No, we're talking six figure careers. None of the positions I mentioned require you to dispense legal advice, so bar admission is not necessarily critical. Knowledge of the relevant law, however, is considered a huge asset.
This is my first time using this board and am wondering if it is normal to have a lot of anxiety about law school before I start. I really am not sure whether or not Law School is right for me. I know how difficult it is going to be (my gf is a current attorney and my brother is a current 2L) and that is not what is giving me anxiety (maybe a little that I wont do well). Mainly I am having anxiety over whether or not Law School is right for me and once I commit it will solidify my future is some sense. I am very outgoing and social, good with numbers and enjoy negotiating and traveling. I'm 26 and really need to figure out what im doing. Ive already put deposits down at law schools and not sure whether or not I should defer or not. Ive never worked in business and might have a false vision of what it might be like. I worked at a law firm for a year and a half and did enjoy it. I am really confused and not sure what I should do. I feel that law school shouldnt be creating this anxiety if it is truly what I should be doing. I am not sure whether I should pursue a JD/MBA or just a JD or just a MBA or neither. Any help would be greatly appreciated. Thanks
Quote from: Maintain FL 350 on May 20, 2014, 11:58:46 PMNo, we're talking six figure careers. None of the positions I mentioned require you to dispense legal advice, so bar admission is not necessarily critical. Knowledge of the relevant law, however, is considered a huge asset.But to clarify you WERE licensed when you applied right?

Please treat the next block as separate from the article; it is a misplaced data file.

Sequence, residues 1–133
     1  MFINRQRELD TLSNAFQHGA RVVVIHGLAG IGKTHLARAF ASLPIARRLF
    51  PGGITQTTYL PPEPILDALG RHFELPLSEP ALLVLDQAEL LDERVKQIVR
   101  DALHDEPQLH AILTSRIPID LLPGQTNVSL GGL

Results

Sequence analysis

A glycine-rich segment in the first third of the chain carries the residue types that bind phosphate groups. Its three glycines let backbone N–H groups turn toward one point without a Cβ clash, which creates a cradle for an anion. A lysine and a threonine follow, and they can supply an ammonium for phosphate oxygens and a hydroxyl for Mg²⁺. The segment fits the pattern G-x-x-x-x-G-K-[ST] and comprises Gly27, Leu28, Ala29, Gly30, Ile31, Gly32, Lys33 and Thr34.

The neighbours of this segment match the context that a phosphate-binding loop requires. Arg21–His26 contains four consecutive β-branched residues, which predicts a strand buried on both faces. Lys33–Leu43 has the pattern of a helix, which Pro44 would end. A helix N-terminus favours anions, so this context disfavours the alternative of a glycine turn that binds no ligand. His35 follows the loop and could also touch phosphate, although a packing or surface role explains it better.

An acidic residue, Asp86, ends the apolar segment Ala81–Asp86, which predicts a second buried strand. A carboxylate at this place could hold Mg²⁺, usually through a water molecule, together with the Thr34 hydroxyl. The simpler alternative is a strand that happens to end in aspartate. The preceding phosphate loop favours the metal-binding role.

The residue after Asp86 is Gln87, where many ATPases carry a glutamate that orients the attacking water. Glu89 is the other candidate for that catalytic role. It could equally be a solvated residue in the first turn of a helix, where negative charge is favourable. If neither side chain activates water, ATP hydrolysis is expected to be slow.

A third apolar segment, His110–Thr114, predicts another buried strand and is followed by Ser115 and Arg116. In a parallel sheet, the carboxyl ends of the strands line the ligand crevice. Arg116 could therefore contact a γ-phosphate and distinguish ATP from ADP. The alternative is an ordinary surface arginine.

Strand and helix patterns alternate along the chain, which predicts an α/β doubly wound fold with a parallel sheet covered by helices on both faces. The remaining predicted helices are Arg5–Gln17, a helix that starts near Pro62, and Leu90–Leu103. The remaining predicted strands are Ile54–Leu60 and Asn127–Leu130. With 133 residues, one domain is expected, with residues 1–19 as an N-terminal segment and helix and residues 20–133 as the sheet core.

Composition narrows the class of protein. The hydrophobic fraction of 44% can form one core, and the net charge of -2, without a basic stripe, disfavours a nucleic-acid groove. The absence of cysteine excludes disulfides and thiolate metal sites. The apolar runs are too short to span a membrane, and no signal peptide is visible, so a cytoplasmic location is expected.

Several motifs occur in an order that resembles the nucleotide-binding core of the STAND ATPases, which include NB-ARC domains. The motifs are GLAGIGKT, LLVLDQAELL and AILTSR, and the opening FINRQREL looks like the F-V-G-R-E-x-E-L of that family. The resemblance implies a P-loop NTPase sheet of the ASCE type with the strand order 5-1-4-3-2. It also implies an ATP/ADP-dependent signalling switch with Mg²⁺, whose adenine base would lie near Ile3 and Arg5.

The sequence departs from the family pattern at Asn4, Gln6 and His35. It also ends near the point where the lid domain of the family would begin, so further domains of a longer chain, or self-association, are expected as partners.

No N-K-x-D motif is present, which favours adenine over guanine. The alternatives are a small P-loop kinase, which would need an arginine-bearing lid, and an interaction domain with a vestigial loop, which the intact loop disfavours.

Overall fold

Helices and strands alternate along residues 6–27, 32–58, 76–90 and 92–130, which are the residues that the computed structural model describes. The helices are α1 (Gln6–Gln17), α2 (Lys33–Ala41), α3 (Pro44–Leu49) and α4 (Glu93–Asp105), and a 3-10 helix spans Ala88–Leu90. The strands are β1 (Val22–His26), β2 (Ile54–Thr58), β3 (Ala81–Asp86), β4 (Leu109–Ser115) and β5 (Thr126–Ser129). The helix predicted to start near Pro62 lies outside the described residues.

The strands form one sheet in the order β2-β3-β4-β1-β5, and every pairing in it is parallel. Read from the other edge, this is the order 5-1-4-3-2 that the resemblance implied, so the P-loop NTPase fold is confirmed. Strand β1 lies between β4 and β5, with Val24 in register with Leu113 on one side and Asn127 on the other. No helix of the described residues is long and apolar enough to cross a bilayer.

So then if you got the job BEFORE law school, it didn't need a JD to get and thus not really a good comparison to what someone could do with just a JD.
I honestly believe that you had a BETTER chance with no JD than if you had applied with one and without a license. That middle ground screams "there is something wrong with me, I'm either not smart enough or not trustworthy enough"
Is it common to have this anxiety and not be sure that Law School is the right decision? Thanks
"Law school debt essentially means a lawyer must make $200,000 or more above what the holder of a bachelorís degree will make over a lifetime, to have the investment break even." - http://www.hartfordbusiness.com/news18330.html
Unfortunately, the reality of legal education today is that the average law student graduates with over $100,000 in student loan debt.Quote"Law school debt essentially means a lawyer must make $200,000 or more above what the holder of a bachelorís degree will make over a lifetime, to have the investment break even." - http://www.hartfordbusiness.com/news18330.html
I should probably also add that the $200k figure that they cited did not include interest, which effectively turns a $200k loan paid over a 30 year term into about $450,000 even at favorable interest rates. California sounds like a nice legal market b/c the public attorneys in New York and New Jersey are making nowhere near 6-figures. Public defenders and state prosecutors start at around $40k here. After 10 years they're making about $70k, which, by the way, could have been earned with just a bachelor's degree without incurring 6-figure debt. Only a small minority of lawyers make 6-figures at graduation, and of the majority that don't, most do not get there within 10 years after graduation (indeed, a good number never get there at all). The "average" income stats of our profession are skewed higher than other professions because the minority of attorneys who are big income earners make 6 and 7 figures and beyond. But I know way too many attorneys who are 5 or 10+ years into the practice who don't make $100k. Accordingly, I can't accept the proposition that "most" attorneys earn significantly more money than bachelor's degree holders - especially when debt is factored in.